Expression of fibroblast specific protein-1 in pleural tuberculosis and its clinical biological significance
World Journal of Surgical Oncology volume 12, Article number: 151 (2014)
Fibroblast specific protein-1 (S100A4) is related with many fibrotic diseases, but its role in the pathogenesis of pleural fibrosis has not been fully elucidated. Then we aim to investigate the expression and effect of fibroblast specific protein-1 (S100A4) in pleural tuberculosis and, subsequently, pleural fibrosis.
The expression of S100A4 in pleura was examined in 30 patients with pleural tuberculosis and 5 control (disease-free) patients by immunohistochemistry using the streptavidin-peroxidase (S-P) conjugated method.
The expression of S100A4 in pleura was mainly distributed in the nucleus and cytoplasm of fibroblasts and vascular endothelial cells, and the positive rate was 90.0% (27 out of 30 patients with pleural tuberculosis). There were no expressions of S100A4 in the control group. In the pleura of all 30 patients with pleural tuberculosis, S100A4 had a higher expression in the two- to eight-week duration of the disease.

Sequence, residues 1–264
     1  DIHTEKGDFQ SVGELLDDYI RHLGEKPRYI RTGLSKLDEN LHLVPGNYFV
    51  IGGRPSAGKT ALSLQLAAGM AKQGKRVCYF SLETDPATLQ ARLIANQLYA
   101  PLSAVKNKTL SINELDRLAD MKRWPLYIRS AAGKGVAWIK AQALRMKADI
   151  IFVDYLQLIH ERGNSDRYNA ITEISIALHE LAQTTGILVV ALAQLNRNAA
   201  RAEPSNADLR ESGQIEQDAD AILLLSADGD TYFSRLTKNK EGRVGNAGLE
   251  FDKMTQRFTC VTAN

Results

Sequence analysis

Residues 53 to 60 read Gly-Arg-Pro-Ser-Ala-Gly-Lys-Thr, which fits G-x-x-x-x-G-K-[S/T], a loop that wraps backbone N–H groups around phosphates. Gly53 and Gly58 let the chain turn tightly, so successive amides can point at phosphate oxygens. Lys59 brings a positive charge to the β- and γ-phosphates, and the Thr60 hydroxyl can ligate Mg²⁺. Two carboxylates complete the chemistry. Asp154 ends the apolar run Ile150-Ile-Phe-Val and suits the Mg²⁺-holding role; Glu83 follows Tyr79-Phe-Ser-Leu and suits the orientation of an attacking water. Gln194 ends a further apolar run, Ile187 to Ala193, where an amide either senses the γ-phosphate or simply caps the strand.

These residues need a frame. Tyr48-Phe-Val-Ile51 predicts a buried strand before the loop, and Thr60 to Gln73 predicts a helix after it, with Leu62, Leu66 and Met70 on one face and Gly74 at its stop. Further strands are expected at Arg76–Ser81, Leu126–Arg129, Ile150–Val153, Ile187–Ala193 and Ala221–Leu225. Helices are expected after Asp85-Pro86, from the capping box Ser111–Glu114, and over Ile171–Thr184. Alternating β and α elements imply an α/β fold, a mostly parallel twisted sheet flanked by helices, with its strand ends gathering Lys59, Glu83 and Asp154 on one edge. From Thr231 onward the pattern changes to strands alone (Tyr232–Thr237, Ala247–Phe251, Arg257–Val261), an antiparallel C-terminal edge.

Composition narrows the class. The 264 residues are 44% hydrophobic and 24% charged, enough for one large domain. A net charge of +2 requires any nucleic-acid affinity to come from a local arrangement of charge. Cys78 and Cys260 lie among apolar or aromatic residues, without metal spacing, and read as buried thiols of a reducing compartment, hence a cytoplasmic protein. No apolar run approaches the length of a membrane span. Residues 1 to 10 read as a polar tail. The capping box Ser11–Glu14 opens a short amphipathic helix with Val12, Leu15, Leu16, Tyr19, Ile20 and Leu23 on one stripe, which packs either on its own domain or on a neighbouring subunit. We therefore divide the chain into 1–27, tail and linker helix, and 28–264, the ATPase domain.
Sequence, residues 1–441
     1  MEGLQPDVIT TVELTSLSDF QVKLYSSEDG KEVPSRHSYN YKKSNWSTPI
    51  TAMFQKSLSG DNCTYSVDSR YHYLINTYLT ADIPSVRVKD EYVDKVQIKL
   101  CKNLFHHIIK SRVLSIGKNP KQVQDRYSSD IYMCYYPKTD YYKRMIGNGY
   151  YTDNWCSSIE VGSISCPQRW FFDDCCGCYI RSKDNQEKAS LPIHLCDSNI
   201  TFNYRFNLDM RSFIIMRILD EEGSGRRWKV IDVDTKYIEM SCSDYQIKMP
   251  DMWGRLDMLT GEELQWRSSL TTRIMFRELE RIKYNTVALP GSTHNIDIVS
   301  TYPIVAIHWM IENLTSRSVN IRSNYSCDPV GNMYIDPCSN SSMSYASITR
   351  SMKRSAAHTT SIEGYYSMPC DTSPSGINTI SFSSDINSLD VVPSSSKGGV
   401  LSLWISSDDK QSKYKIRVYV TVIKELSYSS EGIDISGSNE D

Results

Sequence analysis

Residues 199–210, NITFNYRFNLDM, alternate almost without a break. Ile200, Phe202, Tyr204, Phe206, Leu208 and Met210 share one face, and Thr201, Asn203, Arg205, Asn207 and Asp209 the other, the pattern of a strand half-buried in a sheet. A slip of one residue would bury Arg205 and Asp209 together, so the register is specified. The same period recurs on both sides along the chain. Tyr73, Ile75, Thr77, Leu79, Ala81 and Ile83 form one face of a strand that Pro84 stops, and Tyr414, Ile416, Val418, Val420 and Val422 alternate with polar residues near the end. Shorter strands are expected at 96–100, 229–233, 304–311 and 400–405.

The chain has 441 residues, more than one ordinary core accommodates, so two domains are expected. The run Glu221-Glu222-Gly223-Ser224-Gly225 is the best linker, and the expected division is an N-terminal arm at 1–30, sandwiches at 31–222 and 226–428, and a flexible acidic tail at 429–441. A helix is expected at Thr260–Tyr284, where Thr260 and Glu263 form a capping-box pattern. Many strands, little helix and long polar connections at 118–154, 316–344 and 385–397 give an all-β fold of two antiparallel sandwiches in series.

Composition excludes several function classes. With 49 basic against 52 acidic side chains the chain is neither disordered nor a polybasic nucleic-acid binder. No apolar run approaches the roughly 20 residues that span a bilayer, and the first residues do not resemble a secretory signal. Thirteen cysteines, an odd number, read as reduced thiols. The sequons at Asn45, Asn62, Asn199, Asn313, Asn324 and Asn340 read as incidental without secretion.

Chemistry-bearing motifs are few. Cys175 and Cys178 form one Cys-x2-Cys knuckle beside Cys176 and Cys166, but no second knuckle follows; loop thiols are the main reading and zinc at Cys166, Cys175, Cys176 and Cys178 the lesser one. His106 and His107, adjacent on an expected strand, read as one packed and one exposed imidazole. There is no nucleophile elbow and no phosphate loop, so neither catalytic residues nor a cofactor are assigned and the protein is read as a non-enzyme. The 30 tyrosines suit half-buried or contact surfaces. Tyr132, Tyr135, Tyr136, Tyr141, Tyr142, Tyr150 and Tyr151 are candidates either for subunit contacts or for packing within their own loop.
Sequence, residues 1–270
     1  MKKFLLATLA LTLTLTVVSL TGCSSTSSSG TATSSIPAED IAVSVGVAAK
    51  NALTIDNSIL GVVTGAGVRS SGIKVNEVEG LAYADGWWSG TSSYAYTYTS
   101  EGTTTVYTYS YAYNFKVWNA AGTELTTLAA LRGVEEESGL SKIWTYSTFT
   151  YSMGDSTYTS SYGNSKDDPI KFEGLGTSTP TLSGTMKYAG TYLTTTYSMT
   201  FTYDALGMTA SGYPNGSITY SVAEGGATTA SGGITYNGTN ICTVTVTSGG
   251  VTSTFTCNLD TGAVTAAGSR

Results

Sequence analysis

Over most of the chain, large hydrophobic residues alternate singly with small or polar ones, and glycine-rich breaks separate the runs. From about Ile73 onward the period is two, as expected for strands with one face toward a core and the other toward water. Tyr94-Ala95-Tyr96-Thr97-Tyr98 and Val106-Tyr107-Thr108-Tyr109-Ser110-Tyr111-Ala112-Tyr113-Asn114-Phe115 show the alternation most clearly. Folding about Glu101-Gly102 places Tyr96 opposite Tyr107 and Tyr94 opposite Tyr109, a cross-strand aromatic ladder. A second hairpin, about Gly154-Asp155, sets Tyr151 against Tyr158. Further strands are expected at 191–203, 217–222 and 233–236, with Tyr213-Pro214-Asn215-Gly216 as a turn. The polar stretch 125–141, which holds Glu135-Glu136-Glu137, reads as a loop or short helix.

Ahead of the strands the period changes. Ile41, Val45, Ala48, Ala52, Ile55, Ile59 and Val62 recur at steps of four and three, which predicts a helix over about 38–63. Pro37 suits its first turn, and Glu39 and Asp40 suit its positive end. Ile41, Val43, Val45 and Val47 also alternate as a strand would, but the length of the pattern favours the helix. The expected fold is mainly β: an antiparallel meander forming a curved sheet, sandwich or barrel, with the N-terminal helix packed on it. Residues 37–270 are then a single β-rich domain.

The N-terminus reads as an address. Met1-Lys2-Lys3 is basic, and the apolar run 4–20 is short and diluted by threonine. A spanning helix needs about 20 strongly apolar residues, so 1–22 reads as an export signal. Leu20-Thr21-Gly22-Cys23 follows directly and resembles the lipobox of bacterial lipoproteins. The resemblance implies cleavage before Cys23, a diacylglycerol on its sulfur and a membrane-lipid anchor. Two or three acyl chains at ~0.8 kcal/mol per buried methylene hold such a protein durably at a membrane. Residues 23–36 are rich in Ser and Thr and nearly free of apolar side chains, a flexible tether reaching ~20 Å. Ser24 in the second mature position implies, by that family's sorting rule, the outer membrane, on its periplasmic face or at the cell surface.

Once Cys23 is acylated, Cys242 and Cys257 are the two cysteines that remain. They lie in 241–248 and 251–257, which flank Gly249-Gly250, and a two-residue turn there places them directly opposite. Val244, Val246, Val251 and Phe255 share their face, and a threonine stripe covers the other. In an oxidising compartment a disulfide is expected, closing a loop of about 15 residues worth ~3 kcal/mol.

S100A4 plays an important role in the phenotypic transformation of pleural mesothelial cells and the development of pleural fibrosis.
Incidences of pleural fibrosis are not rare and may cause restrictive ventilation dysfunction, which significantly reduces patients’ quality of life. Pneumonia, parapneumonic effusion, empyema, pulmonary tuberculosis, and pleural tuberculosis are the most common causes of pleural fibrosis, especially pleural tuberculosis. It is known that pleural mesothelial cell transition into myofibroblasts (MMT) plays an important role in the pathogenesis of pleural fibrosis. However, the pathogenesis of pleural fibrosis has not been fully elucidated yet.
Fibroblast specific protein-1 (S100A4) is a member of the S100 family of proteins containing 2 EF-hand calcium-binding motifs, known as a metastasis-associated protein, whose chromosomal rearrangements and altered expression have been implicated in tumor metastasis . However, recent studies have linked S100A4 to some fibrotic diseases , and it is reported that S100A4 contributes to the pathogenesis of oral submucous fibrosis . There is also research evidencing that S100A4 modulates the p53 function in fibroblasts to mediate myocardial interstitial fibrosis . So far, the role of S100A4 in the pathogenesis of pleural fibrosis resulting from pleural tuberculosis has not been reported.
Our study was designed to investigated the expression of S100A4 in pleural tuberculosis and analyze its relationship to the clinical course of pleural tuberculosis, aiming to explore the potential mechanism of pleural fibrosis caused by pleural tuberculosis.
Source of specimen
The study was approved by the Research Ethics Committee of the First Affiliated Hospital of the Medical College of Xi'an Jiaotong University (People’s Republic of China) and written informed consent was obtained from all patients before the procedure.